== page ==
Povel Ramel (1922-2007) was a huge presence in Swedish entertainment for half a century from his first hit song, “Johansson’s Boogie Woogie Waltz”, in 1944. Here’s a song of his from 1968, performed by the beloved comedienne Birgitta Andersson (born in 1933). As it spoofs Gothic horror, it will be interesting to see how my high school pupils react to it as part of our horror fiction course. Chances are they aren’t familiar with either Povel Ramel or Gothic horror.
Deezer, the streaming music service I use, suddenly offered me an almost ready-made blog entry. Here are 40 songs that I’ve added and listened to frequently in the past year. The asterisks mark the tunes with the least general popularity on Deezer right now. You can take that to mean either that they’re the worst of the lot, or that they’re the choicest, deepest cuts that you need to listen to first. Or you can simply note that two are Swedish acts that aren’t widely known abroad.
Tell me which of the tunes you like! And merry Christmas everyone!
Alice in Chains: The One You Know
Allah-Las: Seven Point Five
Alvvays: Archie, Marry Me
Andrew Bird: Capsized
Arctic Monkeys: Arabella
Black Keys: Hell Of A Season
Black Keys: Tighten Up
Brian Jonestown Massacre: Panic In Babylon
Bright Eyes: First Day Of My Life
Connan Mockasin: Charlotte’s Thong
Delorentos: Secret *
Ebbot Lundberg & the Indigo Children: Where Are You Now? *
Elephant Tree: Wither
Elton John, Leon Russell: If It Wasn’t For Bad
Eurythmics: Aqua *
First Aid Kit: Fireworks
Florence & the Machine: Shake It Out
Foster the People: Don’t Stop (Color on the Walls)
In 1995 the surviving three Beatles recorded “Real Love“, a song that Lennon had written and recorded in 1979. They used his vocal takes on the new recording and sang harmony with him. McCartney played a vintage double bass once owned by Bill Black who played the bass in Elvis’s original mid-1950s trio.
This choice of instrument is what archaeologists call symbolic re-use. It’s when runestones are found built into the walls of later churches. Or when Napoleon’s imperial coronation outfit referenced designs from the tomb of Childeric I. People reach back in time to take part of the essence of great ancestors.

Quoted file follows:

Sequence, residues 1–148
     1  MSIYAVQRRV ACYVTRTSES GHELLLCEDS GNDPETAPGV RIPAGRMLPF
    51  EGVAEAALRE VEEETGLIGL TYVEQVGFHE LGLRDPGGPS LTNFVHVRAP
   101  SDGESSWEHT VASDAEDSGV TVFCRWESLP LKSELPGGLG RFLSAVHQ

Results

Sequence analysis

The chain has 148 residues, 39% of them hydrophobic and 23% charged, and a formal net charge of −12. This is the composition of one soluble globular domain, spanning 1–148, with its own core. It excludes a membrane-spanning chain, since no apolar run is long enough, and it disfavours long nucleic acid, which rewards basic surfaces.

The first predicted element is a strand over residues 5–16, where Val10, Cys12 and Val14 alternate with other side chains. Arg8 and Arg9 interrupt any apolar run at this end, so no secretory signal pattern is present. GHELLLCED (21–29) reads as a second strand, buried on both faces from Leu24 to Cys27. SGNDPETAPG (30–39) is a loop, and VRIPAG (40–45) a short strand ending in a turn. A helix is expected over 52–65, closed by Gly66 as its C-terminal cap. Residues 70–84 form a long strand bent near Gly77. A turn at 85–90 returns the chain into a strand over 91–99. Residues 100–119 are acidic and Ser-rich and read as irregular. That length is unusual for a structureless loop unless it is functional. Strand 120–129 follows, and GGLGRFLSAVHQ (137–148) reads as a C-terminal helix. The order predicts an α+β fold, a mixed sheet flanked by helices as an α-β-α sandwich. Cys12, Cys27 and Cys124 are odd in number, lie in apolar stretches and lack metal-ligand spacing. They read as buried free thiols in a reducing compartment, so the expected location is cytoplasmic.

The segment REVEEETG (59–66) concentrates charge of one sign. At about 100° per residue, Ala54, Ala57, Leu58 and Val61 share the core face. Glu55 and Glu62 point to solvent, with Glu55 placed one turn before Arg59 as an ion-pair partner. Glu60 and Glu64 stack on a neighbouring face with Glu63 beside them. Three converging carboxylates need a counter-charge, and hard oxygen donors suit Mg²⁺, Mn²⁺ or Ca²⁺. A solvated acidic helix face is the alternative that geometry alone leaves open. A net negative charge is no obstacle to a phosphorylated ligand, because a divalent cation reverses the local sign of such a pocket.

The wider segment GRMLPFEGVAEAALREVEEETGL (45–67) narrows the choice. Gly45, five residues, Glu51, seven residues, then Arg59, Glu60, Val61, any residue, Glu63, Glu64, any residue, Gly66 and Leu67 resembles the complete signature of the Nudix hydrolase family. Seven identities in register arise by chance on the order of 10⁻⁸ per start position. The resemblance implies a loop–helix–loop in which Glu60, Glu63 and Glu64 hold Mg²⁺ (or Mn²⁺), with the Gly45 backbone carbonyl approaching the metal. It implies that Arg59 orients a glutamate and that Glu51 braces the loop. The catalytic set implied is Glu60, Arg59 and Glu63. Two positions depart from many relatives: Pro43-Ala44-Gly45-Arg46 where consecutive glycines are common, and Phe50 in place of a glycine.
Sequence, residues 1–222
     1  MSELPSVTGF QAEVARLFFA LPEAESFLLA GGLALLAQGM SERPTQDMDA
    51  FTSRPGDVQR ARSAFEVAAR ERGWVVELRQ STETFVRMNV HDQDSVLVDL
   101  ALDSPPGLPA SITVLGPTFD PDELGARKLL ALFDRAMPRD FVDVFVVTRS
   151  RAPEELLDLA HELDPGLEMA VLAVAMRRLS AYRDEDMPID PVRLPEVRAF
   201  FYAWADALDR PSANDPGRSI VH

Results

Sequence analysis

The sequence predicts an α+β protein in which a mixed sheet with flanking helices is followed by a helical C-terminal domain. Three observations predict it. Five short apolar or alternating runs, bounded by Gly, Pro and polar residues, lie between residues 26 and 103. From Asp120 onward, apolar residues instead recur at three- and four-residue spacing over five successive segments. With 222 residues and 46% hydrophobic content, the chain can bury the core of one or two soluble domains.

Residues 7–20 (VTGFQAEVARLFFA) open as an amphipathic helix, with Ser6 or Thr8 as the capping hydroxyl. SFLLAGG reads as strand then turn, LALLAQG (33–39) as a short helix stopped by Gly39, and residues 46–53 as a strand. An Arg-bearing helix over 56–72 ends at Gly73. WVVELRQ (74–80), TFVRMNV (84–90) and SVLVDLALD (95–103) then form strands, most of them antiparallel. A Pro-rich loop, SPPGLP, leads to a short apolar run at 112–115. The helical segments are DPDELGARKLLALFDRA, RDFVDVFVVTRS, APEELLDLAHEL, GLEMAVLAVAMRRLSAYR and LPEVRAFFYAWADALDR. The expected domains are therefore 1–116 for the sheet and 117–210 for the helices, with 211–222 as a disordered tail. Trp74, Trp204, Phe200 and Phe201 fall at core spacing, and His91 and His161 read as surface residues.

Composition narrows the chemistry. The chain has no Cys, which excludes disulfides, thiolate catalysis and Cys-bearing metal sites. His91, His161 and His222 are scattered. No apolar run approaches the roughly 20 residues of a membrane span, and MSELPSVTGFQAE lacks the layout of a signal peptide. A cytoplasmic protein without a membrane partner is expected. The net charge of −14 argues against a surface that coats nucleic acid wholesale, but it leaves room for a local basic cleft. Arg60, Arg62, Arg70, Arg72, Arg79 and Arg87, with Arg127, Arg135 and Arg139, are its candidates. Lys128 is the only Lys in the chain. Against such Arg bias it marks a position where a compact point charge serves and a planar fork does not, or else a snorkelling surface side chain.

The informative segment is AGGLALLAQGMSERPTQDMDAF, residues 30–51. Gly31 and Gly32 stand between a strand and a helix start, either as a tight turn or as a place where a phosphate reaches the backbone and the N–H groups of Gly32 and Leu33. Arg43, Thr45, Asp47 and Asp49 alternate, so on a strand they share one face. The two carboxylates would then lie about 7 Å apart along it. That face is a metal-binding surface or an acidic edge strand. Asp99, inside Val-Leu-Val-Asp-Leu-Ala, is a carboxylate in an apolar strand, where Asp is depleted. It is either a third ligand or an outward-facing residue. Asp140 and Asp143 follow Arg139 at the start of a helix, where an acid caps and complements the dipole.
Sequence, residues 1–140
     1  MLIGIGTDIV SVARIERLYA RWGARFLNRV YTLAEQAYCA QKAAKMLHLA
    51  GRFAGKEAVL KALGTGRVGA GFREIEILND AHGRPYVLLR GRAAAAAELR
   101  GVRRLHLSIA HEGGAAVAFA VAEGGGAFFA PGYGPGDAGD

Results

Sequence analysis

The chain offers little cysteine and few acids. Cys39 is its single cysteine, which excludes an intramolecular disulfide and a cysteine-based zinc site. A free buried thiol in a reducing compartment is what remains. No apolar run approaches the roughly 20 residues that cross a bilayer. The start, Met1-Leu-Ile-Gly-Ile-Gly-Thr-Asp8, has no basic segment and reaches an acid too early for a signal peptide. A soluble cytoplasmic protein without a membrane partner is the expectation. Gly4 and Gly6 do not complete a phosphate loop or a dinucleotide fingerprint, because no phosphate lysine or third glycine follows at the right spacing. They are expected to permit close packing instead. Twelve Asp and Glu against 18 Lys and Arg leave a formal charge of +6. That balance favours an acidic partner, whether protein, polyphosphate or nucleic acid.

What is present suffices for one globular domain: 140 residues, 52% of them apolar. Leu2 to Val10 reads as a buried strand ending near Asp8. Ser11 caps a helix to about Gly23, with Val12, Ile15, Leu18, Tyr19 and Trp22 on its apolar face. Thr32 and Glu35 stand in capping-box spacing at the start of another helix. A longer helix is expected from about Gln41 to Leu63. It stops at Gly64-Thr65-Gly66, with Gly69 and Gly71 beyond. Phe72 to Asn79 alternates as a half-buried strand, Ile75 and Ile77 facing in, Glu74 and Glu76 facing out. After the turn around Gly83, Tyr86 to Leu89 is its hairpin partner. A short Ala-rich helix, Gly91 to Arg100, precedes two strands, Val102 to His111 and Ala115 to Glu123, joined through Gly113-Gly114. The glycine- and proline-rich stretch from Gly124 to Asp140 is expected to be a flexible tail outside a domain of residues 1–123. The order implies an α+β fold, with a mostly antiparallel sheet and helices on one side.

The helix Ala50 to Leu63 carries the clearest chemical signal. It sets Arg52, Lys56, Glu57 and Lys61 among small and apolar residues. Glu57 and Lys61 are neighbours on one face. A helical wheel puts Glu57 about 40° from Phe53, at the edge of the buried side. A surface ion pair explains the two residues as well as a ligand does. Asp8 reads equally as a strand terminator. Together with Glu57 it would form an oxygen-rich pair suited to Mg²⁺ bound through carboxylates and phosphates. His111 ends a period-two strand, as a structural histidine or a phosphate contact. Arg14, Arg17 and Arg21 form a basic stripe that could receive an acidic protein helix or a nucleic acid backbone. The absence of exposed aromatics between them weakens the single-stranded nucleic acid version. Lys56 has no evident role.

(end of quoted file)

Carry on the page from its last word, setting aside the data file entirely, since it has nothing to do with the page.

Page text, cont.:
“Real Love” is a pretty decent Beatles song, certainly not one of their weakest outings.
The Royal Technical College’s orchestra and several combined student choirs from Sweden and Finland performed Giuseppe Verdi’s 1874 Requiem, an intricate and operatic farewell to fellow composer Gioachino Rossini and poet Alessandro Manzoni.
Gig with King Khan and the Shrines. Imagine a tall, psychedelic, semi-nude, portly, Canadian Wilson Pickett of Indian extraction belting out soul rock with a band consisting of extremely enthusiastic Germans. First time I’ve seen a horn section playing to a microphone stuck down the front of the lead singer’s hot pants.
Played Elfenland and Plato 3000.
Watched the 1955 Brando-Simmons-Sinatra-Blaine movie version of the 1950 musical Guys and Dolls. Impressed by Brando, didn’t know he could sing. Ugly sets and boring dialogue though. The reason that we watched it was that Jrette is playing Nicely-Nicely Johnson in an upcoming school production. Made me want to read some Damon Runyon.
Gig organised by Undergången with three unsigned Swedish psych acts. Space Whale are four very young and very strong musicians with excellent songs. They really blew me away! Besvärjelsen are a heavier and more metal-oriented quintet that I would really like to hear studio work from. And the Magic Jove trio are basically Cream. Extremely proficient musicians!
Hallwyl House: Swedish logging magnate’s daughter marries Swiss count and has some of 1890s Stockholm’s best architects and artists build them a town palace, no expenses spared, which she proceeds to fill with Early Modern art and craft objects. All of this remains in place and is now a museum, large parts of which is free of charge, and which is located a short walk from the Central Station.
Dinner at Tbilisis Hörna, a Georgian + Greek + Italian restaurant. Service was slow and unsynched but the food was great. The deep green tarragon soda in a bottle with almost exclusively Georgian script on the labels added to the sense of not being anywhere near Stockholm.
Gig at the Globe Arena’s annexe with psychedelic Australian genius Kevin Parker and his band Tame Impala.
Chinese banquet cooked by my wife and sis-in-law, to celebrate the end of the Year of the Wooden Goat and the beginning of the Year of the Fire Monkey. I got out my old mini steam engine and oversaw Jrette operating it with her cousins.